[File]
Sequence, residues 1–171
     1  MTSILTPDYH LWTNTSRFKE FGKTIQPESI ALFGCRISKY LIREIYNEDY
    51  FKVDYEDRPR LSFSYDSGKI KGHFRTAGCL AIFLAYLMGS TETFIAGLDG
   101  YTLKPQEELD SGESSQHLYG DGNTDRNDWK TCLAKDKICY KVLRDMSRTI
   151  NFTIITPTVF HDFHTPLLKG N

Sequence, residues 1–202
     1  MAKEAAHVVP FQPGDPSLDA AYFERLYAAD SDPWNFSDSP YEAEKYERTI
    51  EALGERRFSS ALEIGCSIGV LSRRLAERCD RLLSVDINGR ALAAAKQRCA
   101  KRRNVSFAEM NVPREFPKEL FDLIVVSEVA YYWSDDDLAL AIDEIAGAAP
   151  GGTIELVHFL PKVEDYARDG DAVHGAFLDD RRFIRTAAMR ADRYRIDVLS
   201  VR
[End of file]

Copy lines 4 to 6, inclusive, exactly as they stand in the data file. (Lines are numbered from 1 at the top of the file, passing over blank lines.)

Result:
   101  YTLKPQEELD SGESSQHLYG DGNTDRNDWK TCLAKDKICY KVLRDMSRTI
   151  NFTIITPTVF HDFHTPLLKG N

Sequence, residues 1–202